EMMA RADUCANU could fall down the tennis rankings over the next few months.

Emma Raducanu could dramatically drop as far as 96th in the world rankings after a challenging year in the 12 months since her incredible US Open triumph. The 19-year-old has suffered from several injuries and has endured some inconsistent form in 2022.

Emma Raducanu now faces a tough couple of months as she seeks to defend her ranking points and remain among the world’s top players. Her victory at Flushing Meadows last September contributed to a remarkable rise up the rankings, where Raducanu now finds herself 10th.

But tennis’ rankings system works on rolling 12-month periods and the Bromley-based sensation could lose 2040 points before she returns to the stage of her only Grand Slam success. Raducanu has 2717 ranking points, earned largely thanks to her win a year ago.

Losing 2040 points would see Raducanu drop to just 667 and could mean she falls as low as 97th in the world rankings. It would culminate a difficult year for the British No 1, and it could become even worse if her form does not improve.

Emma Raducan

That is because she is also defending points from her run to the quarter-finals of the ITF $100,000 event in Pennsylvania in August 2021 and her progress to the final of the WTA125 event in Chicago a week later. A failure to defend those points will see her drop to No. 123.

But Raducanu could also claim some fresh points when she makes her debut at the Citi Open in Washington, before playing in the Canadian and Cincinnati Masters events. There is the opportunity to claim 1000 ranking points at each tournament.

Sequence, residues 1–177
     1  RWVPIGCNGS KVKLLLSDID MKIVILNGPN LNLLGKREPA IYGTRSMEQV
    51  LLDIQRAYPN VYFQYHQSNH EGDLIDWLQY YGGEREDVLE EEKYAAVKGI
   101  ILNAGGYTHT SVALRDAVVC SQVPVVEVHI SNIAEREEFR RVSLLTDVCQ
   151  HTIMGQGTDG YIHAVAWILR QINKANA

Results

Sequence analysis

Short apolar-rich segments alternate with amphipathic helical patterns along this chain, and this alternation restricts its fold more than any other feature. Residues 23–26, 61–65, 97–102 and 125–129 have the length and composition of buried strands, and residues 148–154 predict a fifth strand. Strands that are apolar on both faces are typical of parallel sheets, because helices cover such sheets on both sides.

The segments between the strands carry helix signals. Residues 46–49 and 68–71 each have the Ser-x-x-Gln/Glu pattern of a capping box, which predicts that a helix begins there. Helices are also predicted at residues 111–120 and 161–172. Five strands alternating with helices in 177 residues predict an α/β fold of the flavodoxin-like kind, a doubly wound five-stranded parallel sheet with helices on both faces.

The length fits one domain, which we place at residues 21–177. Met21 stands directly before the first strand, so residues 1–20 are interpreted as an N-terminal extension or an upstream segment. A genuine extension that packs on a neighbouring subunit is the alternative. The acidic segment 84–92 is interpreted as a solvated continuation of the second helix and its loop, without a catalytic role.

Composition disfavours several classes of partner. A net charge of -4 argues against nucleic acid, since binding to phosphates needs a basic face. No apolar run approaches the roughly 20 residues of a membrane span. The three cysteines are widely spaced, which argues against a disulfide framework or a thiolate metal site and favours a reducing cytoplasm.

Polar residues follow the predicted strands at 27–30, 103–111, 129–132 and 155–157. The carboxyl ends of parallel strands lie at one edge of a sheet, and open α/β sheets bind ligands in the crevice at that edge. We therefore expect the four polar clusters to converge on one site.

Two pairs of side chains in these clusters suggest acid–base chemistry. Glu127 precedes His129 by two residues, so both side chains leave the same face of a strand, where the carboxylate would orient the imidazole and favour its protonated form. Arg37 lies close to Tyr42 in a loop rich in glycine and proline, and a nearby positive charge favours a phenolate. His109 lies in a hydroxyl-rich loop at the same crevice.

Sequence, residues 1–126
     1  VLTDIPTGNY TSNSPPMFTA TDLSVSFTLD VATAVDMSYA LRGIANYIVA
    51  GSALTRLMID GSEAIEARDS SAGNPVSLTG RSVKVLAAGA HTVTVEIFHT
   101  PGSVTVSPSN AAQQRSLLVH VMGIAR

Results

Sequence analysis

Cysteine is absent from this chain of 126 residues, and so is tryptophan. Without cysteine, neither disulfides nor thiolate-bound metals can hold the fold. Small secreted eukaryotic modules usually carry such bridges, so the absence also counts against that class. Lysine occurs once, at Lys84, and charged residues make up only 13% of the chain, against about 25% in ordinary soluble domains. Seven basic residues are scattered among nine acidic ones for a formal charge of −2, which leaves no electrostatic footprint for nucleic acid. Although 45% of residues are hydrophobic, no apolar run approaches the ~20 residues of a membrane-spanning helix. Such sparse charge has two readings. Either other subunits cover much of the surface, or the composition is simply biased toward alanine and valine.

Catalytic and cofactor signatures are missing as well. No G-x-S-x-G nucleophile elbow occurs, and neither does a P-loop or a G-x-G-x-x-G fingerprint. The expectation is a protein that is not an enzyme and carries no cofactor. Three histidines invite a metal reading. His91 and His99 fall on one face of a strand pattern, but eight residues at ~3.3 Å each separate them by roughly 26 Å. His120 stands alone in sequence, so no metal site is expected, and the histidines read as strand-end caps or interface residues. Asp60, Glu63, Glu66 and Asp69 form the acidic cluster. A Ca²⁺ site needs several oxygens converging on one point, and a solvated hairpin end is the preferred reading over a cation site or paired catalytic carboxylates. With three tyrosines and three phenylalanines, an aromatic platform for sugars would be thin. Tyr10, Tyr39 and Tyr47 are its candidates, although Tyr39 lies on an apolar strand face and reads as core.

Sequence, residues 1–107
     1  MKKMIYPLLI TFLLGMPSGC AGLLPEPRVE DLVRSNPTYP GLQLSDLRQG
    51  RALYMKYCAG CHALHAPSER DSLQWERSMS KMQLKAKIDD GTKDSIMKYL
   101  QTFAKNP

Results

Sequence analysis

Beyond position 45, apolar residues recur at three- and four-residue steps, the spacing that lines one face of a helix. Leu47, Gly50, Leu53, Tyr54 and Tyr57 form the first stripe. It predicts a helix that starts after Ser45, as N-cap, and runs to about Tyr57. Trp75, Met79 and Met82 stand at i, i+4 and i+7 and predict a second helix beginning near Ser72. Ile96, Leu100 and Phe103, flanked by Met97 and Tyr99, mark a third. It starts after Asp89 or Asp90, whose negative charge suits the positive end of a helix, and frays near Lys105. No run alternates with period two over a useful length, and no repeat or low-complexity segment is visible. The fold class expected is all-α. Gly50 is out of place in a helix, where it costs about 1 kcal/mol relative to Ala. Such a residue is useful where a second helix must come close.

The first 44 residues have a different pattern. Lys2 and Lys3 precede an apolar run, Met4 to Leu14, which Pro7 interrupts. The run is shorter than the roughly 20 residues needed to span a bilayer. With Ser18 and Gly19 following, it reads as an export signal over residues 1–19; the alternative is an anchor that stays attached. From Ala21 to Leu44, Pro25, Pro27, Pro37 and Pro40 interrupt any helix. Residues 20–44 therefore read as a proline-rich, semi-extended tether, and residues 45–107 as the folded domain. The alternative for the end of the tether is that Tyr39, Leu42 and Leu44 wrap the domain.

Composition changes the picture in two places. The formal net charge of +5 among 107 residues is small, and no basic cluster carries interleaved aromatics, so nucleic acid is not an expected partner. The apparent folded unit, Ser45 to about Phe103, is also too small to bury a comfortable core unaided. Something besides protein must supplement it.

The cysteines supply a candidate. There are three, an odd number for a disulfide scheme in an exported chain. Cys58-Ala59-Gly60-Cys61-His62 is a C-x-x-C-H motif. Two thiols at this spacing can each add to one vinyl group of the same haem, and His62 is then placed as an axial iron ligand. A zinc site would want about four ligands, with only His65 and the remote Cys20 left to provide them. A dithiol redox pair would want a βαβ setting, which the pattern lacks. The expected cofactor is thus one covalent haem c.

Emma Raducanu recently shut down suggestions that she is struggling with the pressure placed on her shoulders since her US Open win. Responding to a question by a journalist, she said earlier in July: “There’s no pressure. Like, why is there any pressure? I’m still 19. Like, it’s a joke. I literally won a Slam.

“Yes, I have had attention. But I’m a Slam champion, so no one’s going to take that away from me.

“If anything, the pressure is on those who haven’t done that. Going back to New York, it’s going to be cool because I have got a lot of experiences playing on big courts, playing with people in the stadium, playing with the spotlight on you.

“I don’t mind that. I mean, for me, everything is learning. I’m embracing every single moment that is thrown at me.

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